In response to the 1999 statement, manufacturers worked with the FDA to produce thimerosal-free formulations of childhood vaccines, and any remaining vaccines containing high concentrations of thimerosal expired in 2002.
2) A not-so-nice history
Our history with the medical community and the big institutions surrounding them also make room for mistrust and skepticism, not just from parents, but the general population as well.
Take the Tuskegee Experiment for example. This experiment conducted by the CDC took place in a poor community ridden with Syphilis, and was aimed at studying the effects of how the disease progressed in African-American males. Proposed initially for 6-9 months, the study continued unnecessarily for 40 years, and was conducted without the patients’ informed consent.
Although told that they were being treated for “bad blood”, subjects did not receive the proper treatment needed to cure their illness. Only when the ability to be drafted in war was hindered for African-American males and news reports shunning the project were released, did the United States intervene. This betrayal has left a very bitter taste in the mouths of American citizens, especially African-Americans’.
There have also been historical methods for disease control which are known to consist of unethical practices on an even bigger scale: Eugenics. In the past, Eugenics has been used as an attempt to “breed out” disease and “undesirable” characteristics from the human population. Eugenics was popular in America during much of the first half of the twentieth century, but earned its negative association mainly from Adolf Hitler’s attempts to create a superior race.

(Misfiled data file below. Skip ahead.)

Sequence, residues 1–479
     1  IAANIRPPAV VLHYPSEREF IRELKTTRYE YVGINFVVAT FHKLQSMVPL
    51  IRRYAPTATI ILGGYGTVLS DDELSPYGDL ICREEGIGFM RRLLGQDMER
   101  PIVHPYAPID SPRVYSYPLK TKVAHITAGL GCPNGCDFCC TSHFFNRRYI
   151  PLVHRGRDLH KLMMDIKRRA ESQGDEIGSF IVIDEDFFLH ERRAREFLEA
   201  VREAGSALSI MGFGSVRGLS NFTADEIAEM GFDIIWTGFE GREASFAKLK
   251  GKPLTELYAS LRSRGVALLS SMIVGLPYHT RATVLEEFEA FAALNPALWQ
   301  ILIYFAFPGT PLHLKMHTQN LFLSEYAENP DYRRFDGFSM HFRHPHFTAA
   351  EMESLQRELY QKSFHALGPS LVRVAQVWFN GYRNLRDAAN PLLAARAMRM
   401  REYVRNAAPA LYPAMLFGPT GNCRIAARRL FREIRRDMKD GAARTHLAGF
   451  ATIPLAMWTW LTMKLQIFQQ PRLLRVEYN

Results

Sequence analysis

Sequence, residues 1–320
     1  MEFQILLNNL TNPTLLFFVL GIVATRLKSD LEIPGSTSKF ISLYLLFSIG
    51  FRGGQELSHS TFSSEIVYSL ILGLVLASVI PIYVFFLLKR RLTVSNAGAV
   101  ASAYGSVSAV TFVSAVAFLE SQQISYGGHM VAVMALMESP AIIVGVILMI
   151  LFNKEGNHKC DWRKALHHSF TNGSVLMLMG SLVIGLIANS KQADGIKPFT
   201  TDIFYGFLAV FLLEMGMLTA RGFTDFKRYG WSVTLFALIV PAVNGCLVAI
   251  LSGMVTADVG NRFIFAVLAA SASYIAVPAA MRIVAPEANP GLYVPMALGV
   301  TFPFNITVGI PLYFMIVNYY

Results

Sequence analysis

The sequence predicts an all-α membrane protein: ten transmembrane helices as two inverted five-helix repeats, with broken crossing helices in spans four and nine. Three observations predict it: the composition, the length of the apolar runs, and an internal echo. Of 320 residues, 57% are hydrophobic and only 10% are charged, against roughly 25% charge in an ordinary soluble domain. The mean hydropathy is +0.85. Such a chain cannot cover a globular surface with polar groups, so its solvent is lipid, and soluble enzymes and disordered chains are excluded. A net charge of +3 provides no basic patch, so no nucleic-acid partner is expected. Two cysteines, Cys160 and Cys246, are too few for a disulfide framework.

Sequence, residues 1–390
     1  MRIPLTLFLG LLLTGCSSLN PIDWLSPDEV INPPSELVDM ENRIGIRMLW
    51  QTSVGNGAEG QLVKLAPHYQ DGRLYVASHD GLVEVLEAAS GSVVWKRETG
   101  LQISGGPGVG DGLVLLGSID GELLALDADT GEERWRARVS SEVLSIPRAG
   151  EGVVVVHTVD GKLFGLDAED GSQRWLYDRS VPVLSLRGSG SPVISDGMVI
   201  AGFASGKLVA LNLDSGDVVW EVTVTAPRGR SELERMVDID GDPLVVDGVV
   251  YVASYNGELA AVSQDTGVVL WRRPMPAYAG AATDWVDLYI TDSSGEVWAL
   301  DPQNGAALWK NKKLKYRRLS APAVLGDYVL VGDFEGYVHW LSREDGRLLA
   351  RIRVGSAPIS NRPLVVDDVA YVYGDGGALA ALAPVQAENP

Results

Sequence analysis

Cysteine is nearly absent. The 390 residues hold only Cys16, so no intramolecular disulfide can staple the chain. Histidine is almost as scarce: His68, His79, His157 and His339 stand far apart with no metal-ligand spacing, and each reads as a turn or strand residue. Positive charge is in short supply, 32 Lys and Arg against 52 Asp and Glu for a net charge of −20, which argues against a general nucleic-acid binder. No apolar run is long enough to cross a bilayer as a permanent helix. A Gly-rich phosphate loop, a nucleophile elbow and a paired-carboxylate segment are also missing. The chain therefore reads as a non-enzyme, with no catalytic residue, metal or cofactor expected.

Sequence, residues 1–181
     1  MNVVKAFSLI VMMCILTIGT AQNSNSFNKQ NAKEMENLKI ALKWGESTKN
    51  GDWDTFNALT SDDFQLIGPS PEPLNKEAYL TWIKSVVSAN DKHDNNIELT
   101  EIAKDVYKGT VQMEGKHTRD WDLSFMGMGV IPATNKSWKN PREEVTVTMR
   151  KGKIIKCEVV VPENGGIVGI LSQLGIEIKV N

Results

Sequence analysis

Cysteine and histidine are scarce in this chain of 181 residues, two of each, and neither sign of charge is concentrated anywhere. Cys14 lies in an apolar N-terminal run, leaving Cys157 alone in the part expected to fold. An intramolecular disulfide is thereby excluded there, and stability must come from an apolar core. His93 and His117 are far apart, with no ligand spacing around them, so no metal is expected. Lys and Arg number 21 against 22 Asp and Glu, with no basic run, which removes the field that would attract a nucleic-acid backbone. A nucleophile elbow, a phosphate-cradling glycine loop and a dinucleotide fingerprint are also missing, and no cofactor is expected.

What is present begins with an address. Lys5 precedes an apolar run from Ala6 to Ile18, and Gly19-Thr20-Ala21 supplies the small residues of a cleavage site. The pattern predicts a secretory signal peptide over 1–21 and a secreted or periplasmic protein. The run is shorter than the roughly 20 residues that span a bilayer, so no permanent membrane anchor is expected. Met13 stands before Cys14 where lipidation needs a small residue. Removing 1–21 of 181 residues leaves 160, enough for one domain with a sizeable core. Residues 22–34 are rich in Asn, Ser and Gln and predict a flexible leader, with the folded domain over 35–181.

Although we humans have had a more than questionable past in terms of methods for resisting illness, it is worth questioning whether or not it is constructive for us to allow a mistrust for big institutions to muddy our trust in the overall science world and the Scientific Method. Perhaps there are ways for facilitating a dialogue between scientist and civilian.
IMRSV Arts is interested in a more direct way for researchers and the public affected by their research to communicate, in hopes of setting the record straight. In fact, we’ve signed up to learn about biotech company Integral Molecular to do just that! Organizations like Integral are passionate about aiding in research surrounding viruses and are interested in increasing immunization, or the ability of our bodies to fend off diseases.
During our artist residency at the company, we’re exploring methods to better bridge both parties. We wonder, if research projects were to be decentralized and included more of the public, if trust in science could be reignited and less misinformation spread.
Moreover, if the public were to be genuinely included in scientific processes (and potentially be compensated for their contributions), we hypothesize that people would gain a better understanding of the value that their bodies and biological information hold.
It is true that because there is not enough long term research on vaccinating the population, we cannot truly understand all of the potential repercussions.
Although we cannot predict the future, I would argue that the potential repercussions of vaccinations may be less dangerous and painful than getting the real virus.
Thanks for Reading!